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Tuesday 30 May 2023 Dublin: 7°C
RTE/Claire Byrne Live Photo of Clodagh Hawe with her mother Mary.
# clodagh hawe
Family members of victims to be consulted on how Ireland can introduce domestic homicide reviews
Pressure has been mounting to introduce the reviews after the murder of Clodagh Hawe and her three children.

THE GOVERNMENT PLANS to launch an independent study into introducing domestic homicide reviews to Ireland, as well as provisions for supports to families who are victims of familicide. 

The move comes after the family of Clodagh Hawe told RTÉ’S Claire Byrne Live programme that they were still seeking answers as to why her husband, Alan, murdered his wife and three sons in 2016.

Alan and Clodagh Hawe and their three children – Liam, 14, Niall, 11, and six-year-old Ryan – were found dead in their Cavan home in August 2016.

An inquest the following year concluded that Clodagh and her three sons were unlawfully killed by Alan who took his own life after the murders at their home at Oakdene, Balcony, Ballyjamesduff. 

The family later met with Justice Minister Charlie Flanagan about the case and the Garda Commissioner appointed Assistant Garda Commissioner Barry O’Brien to head a serious case review of the murder. 

There is no legislation in Ireland to review cases such as the Hawe murders, though the Garda Commissioner has discretionary power to carry out a review. 

Consultation with families and stakeholders

Justice Minister Charlie Flanagan will today bring to Cabinet his plans for the independent specialist in-depth research study which will involve consultation with a range of stakeholders including State agencies, family members of victims and non-governmental organisations.

The first pillar of the study will examine the adequacy and suitability of current policies, protocols, procedures and practices of State services in supporting close family members of those who die in familicides. A series of recommendations will then be published. 

The study will also look at international best practice in respect of domestic homicide reviews in order to make recommendations in relation to their application in this jurisdiction.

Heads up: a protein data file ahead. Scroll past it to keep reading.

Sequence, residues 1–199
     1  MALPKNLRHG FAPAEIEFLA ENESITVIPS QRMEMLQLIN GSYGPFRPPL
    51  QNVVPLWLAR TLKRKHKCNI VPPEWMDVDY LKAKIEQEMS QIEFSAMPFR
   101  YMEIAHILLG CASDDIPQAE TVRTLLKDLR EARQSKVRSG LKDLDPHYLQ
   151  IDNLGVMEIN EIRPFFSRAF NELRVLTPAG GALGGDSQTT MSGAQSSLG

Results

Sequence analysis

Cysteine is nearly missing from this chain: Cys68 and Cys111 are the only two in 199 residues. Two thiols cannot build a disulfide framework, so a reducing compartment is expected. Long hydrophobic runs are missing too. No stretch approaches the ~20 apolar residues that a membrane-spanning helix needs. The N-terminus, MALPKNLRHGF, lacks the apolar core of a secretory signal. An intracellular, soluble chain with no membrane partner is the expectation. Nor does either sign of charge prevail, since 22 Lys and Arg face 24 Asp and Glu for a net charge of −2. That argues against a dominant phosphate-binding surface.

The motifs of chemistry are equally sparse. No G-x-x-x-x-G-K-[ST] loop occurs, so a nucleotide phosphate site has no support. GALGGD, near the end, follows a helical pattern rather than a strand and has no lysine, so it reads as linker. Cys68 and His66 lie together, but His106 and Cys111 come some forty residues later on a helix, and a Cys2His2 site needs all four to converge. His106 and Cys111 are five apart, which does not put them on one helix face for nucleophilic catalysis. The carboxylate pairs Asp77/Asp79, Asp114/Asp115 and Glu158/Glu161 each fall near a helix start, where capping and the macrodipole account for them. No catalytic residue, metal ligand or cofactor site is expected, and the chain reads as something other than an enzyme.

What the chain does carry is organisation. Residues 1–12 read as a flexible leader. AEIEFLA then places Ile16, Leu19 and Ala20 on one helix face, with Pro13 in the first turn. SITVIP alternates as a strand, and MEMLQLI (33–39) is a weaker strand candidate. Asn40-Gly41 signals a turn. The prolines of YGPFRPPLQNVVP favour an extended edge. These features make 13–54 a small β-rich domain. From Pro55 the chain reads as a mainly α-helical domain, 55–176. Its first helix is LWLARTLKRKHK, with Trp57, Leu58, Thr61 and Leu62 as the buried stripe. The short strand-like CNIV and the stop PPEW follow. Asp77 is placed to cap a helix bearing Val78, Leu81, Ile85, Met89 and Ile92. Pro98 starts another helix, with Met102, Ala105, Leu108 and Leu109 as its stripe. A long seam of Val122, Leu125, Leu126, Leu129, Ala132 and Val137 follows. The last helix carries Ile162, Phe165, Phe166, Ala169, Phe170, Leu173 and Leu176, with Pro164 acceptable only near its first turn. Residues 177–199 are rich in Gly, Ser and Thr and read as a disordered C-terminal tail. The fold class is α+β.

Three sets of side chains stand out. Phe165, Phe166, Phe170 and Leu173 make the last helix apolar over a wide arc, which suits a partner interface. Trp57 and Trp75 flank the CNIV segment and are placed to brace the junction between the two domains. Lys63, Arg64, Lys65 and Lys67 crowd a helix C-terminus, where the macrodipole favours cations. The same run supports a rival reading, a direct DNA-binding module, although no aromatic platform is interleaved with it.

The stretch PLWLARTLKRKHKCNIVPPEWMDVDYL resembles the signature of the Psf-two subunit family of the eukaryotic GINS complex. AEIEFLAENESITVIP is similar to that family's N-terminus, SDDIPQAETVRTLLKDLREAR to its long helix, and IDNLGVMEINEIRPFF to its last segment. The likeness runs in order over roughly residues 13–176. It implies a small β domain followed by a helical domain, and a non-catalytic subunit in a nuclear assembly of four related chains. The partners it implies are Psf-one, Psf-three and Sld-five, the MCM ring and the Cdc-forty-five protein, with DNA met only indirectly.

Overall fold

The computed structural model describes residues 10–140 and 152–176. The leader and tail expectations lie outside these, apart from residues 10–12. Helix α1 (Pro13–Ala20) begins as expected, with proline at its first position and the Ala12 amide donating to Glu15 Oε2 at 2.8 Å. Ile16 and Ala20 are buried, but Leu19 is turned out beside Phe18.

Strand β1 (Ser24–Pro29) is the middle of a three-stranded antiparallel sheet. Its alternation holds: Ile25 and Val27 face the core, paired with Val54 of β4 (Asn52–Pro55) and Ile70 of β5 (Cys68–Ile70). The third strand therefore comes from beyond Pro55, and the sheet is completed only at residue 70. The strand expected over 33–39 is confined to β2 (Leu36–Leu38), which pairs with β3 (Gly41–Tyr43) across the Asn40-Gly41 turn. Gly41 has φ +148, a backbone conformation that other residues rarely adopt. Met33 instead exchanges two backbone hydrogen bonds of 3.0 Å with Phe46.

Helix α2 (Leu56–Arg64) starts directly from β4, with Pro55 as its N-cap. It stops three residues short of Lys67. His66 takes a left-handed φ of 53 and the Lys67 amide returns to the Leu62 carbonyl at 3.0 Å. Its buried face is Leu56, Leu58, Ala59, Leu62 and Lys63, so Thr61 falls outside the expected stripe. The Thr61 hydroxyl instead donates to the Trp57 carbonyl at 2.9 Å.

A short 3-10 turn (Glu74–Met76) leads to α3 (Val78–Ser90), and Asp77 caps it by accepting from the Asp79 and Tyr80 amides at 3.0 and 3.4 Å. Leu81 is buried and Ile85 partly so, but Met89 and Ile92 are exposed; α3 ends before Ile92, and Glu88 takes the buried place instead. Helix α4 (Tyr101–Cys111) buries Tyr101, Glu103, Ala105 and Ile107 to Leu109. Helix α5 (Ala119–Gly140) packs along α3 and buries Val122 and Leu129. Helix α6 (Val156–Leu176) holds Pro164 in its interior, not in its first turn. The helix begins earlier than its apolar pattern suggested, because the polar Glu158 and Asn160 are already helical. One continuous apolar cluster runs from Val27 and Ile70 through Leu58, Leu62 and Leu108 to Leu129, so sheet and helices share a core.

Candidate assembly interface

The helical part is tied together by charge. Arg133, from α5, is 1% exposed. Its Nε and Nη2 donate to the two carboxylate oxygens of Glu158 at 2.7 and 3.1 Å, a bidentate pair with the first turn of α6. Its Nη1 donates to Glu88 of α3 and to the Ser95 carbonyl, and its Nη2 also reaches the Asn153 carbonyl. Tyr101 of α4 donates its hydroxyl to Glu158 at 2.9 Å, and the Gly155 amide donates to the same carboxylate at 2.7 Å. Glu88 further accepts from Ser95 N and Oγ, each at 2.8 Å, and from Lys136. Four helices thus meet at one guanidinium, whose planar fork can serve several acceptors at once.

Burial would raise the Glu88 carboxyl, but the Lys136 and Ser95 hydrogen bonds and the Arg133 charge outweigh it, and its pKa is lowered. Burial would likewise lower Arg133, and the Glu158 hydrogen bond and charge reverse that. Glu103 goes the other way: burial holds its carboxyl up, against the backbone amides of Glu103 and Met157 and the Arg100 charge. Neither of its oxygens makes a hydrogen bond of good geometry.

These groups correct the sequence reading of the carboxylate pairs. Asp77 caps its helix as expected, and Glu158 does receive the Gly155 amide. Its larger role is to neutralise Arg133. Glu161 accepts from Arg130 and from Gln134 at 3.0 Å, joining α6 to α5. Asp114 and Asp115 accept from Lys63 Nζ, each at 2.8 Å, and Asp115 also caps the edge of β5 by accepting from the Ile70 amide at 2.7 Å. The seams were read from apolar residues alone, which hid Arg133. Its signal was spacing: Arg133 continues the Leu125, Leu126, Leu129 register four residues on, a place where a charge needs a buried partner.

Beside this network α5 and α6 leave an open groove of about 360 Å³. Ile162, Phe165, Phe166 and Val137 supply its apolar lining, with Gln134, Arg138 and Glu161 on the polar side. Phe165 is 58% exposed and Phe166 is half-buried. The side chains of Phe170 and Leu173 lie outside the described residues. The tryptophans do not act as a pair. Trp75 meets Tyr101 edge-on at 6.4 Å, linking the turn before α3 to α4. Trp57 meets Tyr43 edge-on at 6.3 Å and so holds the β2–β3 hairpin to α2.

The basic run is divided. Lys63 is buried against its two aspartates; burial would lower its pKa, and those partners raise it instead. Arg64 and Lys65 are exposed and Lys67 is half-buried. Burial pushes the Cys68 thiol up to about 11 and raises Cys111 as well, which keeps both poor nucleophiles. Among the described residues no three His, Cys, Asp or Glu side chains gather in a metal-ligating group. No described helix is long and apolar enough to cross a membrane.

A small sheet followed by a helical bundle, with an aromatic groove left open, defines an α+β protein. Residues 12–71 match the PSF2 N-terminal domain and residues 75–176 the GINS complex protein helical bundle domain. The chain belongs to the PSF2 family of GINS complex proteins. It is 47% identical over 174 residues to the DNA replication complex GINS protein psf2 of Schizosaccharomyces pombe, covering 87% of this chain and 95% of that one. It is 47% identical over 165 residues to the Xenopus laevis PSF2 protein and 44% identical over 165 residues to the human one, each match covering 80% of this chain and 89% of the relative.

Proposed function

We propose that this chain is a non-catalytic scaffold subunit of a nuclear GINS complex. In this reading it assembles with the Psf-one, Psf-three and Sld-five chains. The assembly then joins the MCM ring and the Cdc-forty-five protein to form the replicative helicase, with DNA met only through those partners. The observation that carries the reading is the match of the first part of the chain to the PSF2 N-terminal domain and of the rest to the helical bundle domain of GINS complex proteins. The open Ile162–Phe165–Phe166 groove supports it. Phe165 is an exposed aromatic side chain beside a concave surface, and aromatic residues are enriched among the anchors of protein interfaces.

While familicide is relatively rare in Ireland, the minister said he is very aware of the devastating effects it can have on those left behind, both family members and the wider community.

He is understood to want to ensure that clear protocols and guidelines are in place so that the State can provide all supports possible – and do so in a coordinated and timely manner.

Domestic homicide reviews

Domestic homicide reviews have taken place for a number of years in England and Wales. However it is understood that in his engagement with NGOs it became clear to the minister that this model cannot be directly transposed to Ireland, and would need to be tailored for this jurisdiction.

The study he is commissioning aims to define international best practice and how these reviews might apply in Ireland.

Arrangements are being put in place for the review to commence. It is expected to take 12 months to complete.

A number of TDs called for the introduction of domestic homicide reviews in Ireland, with Fianna Fáil publishing a private members’ Bill, the Domestic Violence Amendment Bill, in March which would order a review of the death of a person if it appears it occurred violently, or through abuse or neglect by a relative, spouse or a person with whom they were in a relationship.

Earlier this year it was announced that under a new system, specialist gardaí from the National Protective Services Bureau will examine domestic homicides.

It will involve examining any abusive history that led up to the killing as well as any interactions between the family and gardaí before the death.

A report by Women’s Aid at the end of last year found that since records began in 1996 225 women have died violently, with 16 children being killed alongside their mothers. 

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